But, it's the times when I have pushed the limits of what I'm comfortable with that have lead to the biggest successes and breakthroughs in life.

I was scared to stand for election at the Cambridge Union society against someone else (it felt mean and overly competitive). Instead, I was co-opted into a position when someone else resigned. If I'd been brave enough to stand, I could have been president. Maybe.

When I was miserable in my first job, I should have left at least a year earlier. I didn't because I didn't know what I would do instead. As a result, I became incredibly miserable and unhappy – ultimately breaking down on a glacier in New Zealand with no-one I loved around me. If I had left my job, something would have turned up.

And I should have taken more everyday risks, like picking up the phone to talk to people who I know care about me (I know this doesn't sound like a risk to some people, but it was (and still is) to me). As I've written about before, you hold yourself back if you're not willing to get out of your comfort zone.

YOUR TAKEAWAY: If something is a little bit scary, it's usually a good thing. It shows that you're stepping out of your comfort zone and exploring the limits of your capabilities. If you don't take risks you'll never know what you're truly capable of. Take a chance on yourself and see where it leads you.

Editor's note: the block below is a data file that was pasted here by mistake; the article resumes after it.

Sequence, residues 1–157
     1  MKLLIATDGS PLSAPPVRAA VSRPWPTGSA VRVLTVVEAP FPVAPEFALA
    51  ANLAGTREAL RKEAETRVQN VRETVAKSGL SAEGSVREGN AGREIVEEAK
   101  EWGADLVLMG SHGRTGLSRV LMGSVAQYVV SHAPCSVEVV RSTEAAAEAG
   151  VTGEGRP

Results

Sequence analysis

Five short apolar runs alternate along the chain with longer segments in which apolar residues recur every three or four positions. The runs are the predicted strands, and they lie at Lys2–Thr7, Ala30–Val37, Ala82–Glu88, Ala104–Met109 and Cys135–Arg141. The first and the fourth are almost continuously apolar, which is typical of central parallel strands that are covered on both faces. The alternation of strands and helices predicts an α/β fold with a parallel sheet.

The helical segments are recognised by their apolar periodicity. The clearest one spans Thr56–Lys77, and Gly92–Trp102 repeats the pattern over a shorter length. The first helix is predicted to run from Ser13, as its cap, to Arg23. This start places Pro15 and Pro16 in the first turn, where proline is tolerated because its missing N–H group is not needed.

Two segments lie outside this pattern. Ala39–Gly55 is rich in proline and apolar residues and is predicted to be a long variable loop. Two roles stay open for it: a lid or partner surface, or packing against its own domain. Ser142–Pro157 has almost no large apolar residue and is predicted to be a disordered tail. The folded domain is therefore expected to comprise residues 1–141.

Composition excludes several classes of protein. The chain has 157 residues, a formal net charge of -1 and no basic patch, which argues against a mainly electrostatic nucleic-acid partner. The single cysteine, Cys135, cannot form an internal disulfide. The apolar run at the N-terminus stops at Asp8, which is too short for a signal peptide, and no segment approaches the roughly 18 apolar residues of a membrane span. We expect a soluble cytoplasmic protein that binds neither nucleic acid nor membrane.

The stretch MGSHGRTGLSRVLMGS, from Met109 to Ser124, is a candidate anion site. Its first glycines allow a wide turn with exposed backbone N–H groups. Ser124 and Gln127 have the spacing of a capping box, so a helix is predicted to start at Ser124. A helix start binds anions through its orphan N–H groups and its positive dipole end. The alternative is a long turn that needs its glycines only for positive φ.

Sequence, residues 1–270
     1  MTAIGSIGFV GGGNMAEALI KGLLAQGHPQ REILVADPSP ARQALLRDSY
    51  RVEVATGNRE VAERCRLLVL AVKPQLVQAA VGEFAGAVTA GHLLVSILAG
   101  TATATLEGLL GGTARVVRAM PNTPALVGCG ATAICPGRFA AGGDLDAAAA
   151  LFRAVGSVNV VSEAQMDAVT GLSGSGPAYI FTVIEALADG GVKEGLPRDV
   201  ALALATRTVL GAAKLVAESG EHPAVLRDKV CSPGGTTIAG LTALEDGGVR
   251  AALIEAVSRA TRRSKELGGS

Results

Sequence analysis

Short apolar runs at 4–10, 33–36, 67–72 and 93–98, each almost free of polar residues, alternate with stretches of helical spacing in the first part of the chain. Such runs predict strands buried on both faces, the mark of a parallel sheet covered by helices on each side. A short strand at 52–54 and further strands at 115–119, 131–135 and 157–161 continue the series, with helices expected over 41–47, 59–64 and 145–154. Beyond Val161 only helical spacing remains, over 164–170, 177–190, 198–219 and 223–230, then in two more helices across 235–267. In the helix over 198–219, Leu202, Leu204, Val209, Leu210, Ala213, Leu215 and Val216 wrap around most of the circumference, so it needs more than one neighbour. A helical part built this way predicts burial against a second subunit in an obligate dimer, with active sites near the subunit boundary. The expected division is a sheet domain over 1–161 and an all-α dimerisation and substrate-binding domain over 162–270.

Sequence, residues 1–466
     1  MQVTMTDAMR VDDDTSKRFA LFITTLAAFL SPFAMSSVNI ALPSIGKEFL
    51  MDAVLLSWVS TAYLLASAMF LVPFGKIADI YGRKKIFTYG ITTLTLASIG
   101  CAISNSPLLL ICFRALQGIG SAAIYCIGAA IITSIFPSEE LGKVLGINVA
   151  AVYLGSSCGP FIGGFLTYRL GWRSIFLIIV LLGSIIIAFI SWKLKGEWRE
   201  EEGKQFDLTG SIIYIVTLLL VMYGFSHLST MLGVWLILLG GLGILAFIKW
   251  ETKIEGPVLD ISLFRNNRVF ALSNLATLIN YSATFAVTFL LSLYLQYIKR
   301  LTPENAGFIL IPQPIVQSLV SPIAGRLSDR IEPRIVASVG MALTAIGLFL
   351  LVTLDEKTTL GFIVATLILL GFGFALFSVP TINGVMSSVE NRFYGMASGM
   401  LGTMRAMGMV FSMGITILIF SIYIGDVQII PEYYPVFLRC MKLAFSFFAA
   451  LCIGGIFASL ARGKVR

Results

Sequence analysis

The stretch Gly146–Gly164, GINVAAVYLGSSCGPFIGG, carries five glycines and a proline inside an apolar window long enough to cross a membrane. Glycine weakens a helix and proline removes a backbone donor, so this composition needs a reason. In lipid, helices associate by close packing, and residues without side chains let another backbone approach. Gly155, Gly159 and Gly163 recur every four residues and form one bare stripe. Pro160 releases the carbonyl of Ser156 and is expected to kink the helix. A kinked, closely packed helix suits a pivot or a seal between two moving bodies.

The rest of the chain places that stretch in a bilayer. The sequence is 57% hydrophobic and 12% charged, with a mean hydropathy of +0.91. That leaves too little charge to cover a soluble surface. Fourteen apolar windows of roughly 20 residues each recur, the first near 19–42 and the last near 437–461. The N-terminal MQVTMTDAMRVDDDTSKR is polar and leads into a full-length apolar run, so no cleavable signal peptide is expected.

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6. You're more capable than you think

I've always had huge faith in myself – after all, I believed that I could go to Cambridge University from the age of nine, and continued to believe it until it came true. But, what I now understand is that I could have achieved so much more, done so much more and experienced so much more if I'd had even more belief in myself.

All the stuff I've said already about not believing people will like me, being scared to pick up the phone, thinking I was fat. All that (and more) has stopped me from living life to the full. It feels like such a waste and such a shame.

I should never have let those gremlins get in my way.

YOUR TAKEAWAY: If you can dream it, you can do it. So, ignore that limiting voice inside your head and start working out what steps you need to take to make it happen.

7. Listen to your limits

This may seem a little contradictory with the previous points, but you need to know that you have limits. You are not a machine, you are a human being. Learn to read your body and your soul to understand that you're pushing yourself too hard when you have a migraine, or your eczema gets so bad that you can't sleep at night. This is just your body's way of shouting at you when you wouldn't listen to its whispers. You can do everything you want to do, you just need to pace yourself and do it within your own parameters.

YOUR TAKEAWAY: Our bodies are excellent barometers of whether we're pushing ourselves too hard. If you start getting physical or mental symptoms that make your uncomfortable, take stock and see what they're really trying to tell you. Then, adjust how you're living to accomodate what your body and mind needs.

Over to you…

Can you relate to any of the things that have held me back / made me unhappy in my past? How will you benefit from the hard-won wisdom?

In the comments below, tell me what you're taking away from reading this blog post and how it's going to change your life going forwards.